The Times also lambasts physician Deborah Birx, of the White House Coronavirus Task Force, for asking the CDC to include information about negative mental health outcomes for children learning remotely. While most people would agree that the mental health of children living below, at, and near the poverty line is objectively important information when discussing a policy that has made their mental health worse, the Times reporters treat this consideration as nefarious and unscientific.

Consigning disadvantaged children to weeks or possibly months of virtual learning would be a devastating choice—one that American cities are thus far quite alone in making. The school reopening debate might be the first in living memory where an appeal to "think of the children"—often a lazy and emotional rhetorical tool—should probably be made more loudly and in earnest.

NEXT: Trump Still Doesn't Have a Health Care Plan. He Does Have a $6.6 Billion Medicare Bribe for Seniors.

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  1. You keep reading the NYT, you will be sorely disappointed. They ran off anyone with a brain and critical thinking skills.

    1. Trump will try to outdo Obama by giving all the poor Black student iPads to compliment their mother’s Obama iPhone.

      1. And they’ll both be traded to subsidize grandma’s crack addiction.

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  2. “MacGillis details the frustrations of one specific Baltimore child who is frequently shuffled between the households of a mother with drug addiction and a grandmother with many other youngsters to wrangle. In-person education was a source of stability for this child—without it, he’s socially neglected, intellectually under-stimulated, and rapidly falling behind his peers.”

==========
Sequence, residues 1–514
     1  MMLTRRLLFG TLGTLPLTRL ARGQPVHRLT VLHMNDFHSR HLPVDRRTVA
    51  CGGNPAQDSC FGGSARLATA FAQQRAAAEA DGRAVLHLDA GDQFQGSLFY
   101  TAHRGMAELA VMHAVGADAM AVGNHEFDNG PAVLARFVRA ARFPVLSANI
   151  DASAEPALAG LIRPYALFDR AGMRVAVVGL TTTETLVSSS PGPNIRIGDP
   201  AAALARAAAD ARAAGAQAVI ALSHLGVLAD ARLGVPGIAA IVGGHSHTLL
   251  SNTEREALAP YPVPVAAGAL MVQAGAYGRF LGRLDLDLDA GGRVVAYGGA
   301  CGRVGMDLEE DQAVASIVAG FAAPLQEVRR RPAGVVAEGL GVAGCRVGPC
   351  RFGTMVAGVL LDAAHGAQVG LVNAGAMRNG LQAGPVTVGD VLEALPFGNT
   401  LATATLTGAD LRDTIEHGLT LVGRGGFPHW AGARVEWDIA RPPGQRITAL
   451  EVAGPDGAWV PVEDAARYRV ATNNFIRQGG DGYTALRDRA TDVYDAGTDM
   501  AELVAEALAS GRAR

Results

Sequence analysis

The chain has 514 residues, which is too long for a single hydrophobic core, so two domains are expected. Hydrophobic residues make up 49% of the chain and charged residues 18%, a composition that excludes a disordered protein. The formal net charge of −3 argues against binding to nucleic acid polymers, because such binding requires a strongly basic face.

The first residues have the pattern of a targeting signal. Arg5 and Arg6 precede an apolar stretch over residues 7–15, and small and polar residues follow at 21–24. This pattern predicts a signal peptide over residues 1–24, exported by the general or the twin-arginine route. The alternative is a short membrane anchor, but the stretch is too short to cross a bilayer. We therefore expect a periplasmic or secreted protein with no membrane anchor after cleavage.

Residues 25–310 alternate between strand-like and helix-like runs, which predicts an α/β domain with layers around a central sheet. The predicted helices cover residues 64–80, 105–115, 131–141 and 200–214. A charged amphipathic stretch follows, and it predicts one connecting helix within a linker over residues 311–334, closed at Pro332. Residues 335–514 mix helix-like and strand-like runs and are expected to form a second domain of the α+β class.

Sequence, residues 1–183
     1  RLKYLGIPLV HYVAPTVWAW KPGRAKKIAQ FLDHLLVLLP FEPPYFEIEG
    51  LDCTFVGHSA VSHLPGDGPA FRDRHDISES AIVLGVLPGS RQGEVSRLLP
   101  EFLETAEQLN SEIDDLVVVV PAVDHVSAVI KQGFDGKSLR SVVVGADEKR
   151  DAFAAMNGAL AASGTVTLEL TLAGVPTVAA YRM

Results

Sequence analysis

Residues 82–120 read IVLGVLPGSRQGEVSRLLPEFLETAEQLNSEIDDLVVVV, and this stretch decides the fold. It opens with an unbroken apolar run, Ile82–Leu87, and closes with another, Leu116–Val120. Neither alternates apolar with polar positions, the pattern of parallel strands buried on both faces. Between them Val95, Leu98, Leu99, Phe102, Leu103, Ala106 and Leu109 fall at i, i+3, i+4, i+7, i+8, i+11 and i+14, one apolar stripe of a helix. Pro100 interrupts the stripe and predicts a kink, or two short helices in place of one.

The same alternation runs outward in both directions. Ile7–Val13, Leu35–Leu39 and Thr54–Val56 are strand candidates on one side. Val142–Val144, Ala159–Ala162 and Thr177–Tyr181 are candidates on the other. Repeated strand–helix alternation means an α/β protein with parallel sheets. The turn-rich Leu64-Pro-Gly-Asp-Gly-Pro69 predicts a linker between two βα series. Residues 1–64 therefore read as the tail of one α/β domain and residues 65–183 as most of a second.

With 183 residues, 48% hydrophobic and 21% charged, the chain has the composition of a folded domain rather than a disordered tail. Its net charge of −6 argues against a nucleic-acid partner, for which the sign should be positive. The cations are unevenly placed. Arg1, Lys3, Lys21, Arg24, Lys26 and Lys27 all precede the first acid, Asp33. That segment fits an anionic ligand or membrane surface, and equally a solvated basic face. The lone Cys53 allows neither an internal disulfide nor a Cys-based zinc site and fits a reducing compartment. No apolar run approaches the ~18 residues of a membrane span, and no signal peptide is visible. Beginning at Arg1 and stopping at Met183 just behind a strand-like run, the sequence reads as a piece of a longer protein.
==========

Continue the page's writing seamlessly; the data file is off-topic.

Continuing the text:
It would appear that the problem is not the remote learning, per se, but the prevalence of dysfunctional family units and the transformation of public education into a widespread, government sponsored babysitting program.

    1. This is an opportunity to keep school buildings closed permanently. Sell them to a developer and let them be converted into apartments, offices etc.

    2. Perhaps in that 1 case, but I can say definitively that both my children, neither of which have shitty home lives, fare exponentially better in school than via zoom.

      1. I have no doubt. I know many people whose children are far more distracted at home than they otherwise would be in the classroom.

    3. “It would appear that the problem is not the remote learning, per se, but the prevalence of dysfunctional family units and the transformation of public education into a widespread, government sponsored babysitting program.”

      Yes.

    4. Geiger, you’re right. But how many of those parents would have never had children if there had not been a public school system with such long days?

      I know many parents who chose to have children because the schools made it possible to continue their careers. Many others chose to live in certain areas because of the avails lilt year of “good” schools.